Show

Chemical attacks leave the West divided on Syria

September 12th, 2013

On Thursday, Sept. 6, a summit to discuss economic issues between 20 countries was convened in St. Petersburg, Russia. However, the proceedings quickly become overshadowed by the increasingly violent civil war in Syria.

President Obama established a Red Line early on in the Syrian conflict, stating that the use of chemical weapons by the Syrian government would justify U.S. intervention. After the U.S. gathered evidence linking the use of poisonous gasses against 1,429 Syrian citizens in the suburbs of Damascus to president Bashar al-Assad’s administration, it called for military action from the United Nations.

Despite the case presented by Secretary of State John Kerry at the G-20 summit, the international community is at a standstill because Russia and China will not support a U.S. attack on Syria. Instead, diplomats from these countries hope to resolve the issue with a political solution, arguing that American military action would hurt the global economy and cause a destructive downward spiral of reciprocity.

Without the support of these countries, Obama has little hope of achieving a U.N. sanction for action against Syria. The U.K., usually a close ally of the U.S. and its military, also cannot endorse military action in Syria because its parliament voted against providing support to U.S. troops. Though Prime Minister David Cameron said that his country could supply further physical evidence of chemical attacks, without the support of parliament, he cannot mobilize against Bashar’s regime.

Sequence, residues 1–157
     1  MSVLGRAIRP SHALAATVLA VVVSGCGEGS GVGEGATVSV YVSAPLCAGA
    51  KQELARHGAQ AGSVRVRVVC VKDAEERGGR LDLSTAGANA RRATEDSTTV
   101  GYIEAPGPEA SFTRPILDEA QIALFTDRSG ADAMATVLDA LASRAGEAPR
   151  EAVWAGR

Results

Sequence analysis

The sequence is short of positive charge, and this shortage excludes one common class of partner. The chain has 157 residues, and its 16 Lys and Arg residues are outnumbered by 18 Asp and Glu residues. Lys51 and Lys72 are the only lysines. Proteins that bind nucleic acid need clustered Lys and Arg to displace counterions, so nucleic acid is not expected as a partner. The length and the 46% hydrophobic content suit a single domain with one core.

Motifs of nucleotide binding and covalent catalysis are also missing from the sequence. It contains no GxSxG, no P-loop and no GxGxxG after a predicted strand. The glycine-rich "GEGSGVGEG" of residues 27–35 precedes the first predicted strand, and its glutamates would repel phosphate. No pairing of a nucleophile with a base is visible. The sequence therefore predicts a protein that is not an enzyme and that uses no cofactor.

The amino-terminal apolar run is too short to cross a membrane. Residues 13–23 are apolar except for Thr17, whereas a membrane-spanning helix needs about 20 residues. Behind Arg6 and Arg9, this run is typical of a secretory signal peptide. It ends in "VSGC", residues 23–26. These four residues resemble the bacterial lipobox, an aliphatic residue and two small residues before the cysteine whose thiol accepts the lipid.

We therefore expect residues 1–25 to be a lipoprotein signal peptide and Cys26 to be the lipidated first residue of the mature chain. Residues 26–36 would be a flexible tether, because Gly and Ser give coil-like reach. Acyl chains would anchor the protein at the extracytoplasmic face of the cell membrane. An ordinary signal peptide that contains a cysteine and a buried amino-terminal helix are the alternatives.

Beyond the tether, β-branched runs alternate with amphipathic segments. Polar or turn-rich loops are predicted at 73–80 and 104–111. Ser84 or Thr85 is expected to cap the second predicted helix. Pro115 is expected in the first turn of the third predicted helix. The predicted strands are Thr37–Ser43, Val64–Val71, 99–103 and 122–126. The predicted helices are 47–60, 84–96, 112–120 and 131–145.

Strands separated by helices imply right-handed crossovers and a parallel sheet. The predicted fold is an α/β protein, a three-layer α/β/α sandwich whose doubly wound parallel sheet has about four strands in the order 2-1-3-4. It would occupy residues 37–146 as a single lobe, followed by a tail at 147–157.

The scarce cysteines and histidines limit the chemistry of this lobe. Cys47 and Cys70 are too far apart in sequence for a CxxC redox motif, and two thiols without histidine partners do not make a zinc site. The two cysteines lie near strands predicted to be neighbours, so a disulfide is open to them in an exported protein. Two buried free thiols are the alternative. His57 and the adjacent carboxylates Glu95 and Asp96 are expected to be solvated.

Similarly, many of the countries at the G-20 summit called for a strong international response to the Syrian conflict, but cannot fully endorse U.S. military action against Syria until the U.N. chemical investigators have filed their report, which, according to BBC World News, will not be published until mid-September.

After the summit, only France and America were willing to move forward with military action, making this step a minority opinion.  According to NBC World News, U.N. Secretary Ban Ki-Moon said that any military actions taken by the U.S. would be considered “aggressive” without unanimous international approval.

On Tuesday. Sept. 10, the Russian government announced that they would be willing to negotiate with Syria to turn their chemical weapons over to them. This proposal has also affected the U.S. approach towards the issue.

In a speech he made to the nation the same day, Obama stated that he will postpone the Congressional vote on Syria in order to work with Russia on the matter. In the same speech, he argued that a strike against Syria was in the best interest of the U.S. and its allies, according to CNN.

Information from NBC News, CNN and BBC World News was used in this article.